Video

Video Deep Under Antarctic Ice Sheet, Life!

With the end of summer in the Southern hemisphere, the Antarctic research season is over. Scientists from Northern Illinois University are back in their laboratory after a 3-month expedition on the Ross Ice Shelf, the world’s largest floating ice sheet. As VOA’s Rosanne Skirble reports, they hope to find clues to explain the dynamics of the rapidly melting ice and its impact on sea level rise.
Video

Video US-Cuba Normalization Talks Resume Friday

Negotiations aimed at normalizing diplomatic relations between the U.S. and Cuba resume Friday. On the table: lifting a half-century trade embargo and easing banking and travel restrictions. There's opposition in Congress, but some analysts say there may be sufficient political and economic incentives in both nations for a potential breakthrough this year. VOA's Mil Arcega reports.
Video

Video Pakistan's Deadline For SIM Registration Has Cellphone Users Scrambling

Pakistani cell phone users have until midnight Thursday to register their SIM cards, or their service will be cut off. While some privacy experts worry about government intrusion, many Pakistanis are just worried about keeping their phone lines open. VOA Deewa reporter Arshad Muhmand has more from Peshawar.
Video

Video Myanmar Warns Factory Workers to End Strikes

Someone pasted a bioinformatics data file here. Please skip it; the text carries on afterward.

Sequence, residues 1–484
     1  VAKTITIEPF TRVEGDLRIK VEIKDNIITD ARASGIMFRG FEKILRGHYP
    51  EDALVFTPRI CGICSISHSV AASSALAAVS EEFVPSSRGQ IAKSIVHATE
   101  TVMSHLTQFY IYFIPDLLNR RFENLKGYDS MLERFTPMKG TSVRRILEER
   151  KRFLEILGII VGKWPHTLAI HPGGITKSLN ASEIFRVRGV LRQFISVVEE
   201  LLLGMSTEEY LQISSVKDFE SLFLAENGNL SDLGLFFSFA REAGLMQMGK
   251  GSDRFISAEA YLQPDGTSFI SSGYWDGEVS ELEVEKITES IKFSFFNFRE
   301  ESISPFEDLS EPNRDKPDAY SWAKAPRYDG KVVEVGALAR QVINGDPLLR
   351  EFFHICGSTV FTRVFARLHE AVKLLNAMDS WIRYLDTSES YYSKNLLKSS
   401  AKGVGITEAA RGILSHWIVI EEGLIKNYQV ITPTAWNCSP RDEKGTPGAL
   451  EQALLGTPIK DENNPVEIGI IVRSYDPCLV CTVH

Outside Myanmar's main city Yangon, thousands of workers walked off their jobs earlier this month demanding a doubling of their wages, pay raises after a year and input from labor unions on industrial regulations. Since Friday, the standoff has grown more tense as police moved in to disrupt the sit-ins, resulting in clashes that injured people from both sides. VOA correspondent Steve Herman visited industrial zones which have become a focus of Myanmar's fledgling workers rights movement.
Video

Video Oscar Winners Do More Than Thank the Academy

The Academy Awards presentation is Hollywood’s night to reward the best movies from the previous year. It’s typically a lot of glitter, a lot of thank you’s, a lot of speeches. But many of this year’s speeches carried messages beyond the thank you's. VOA’s Carolyn Presutti takes a look.

All About America

Circumventing Censorship

An Internet Primer for Healthy Web Habits

As surveillance and censoring technologies advance, so, too, do new tools for your computer or mobile device that help protect your privacy and break through Internet censorship.
More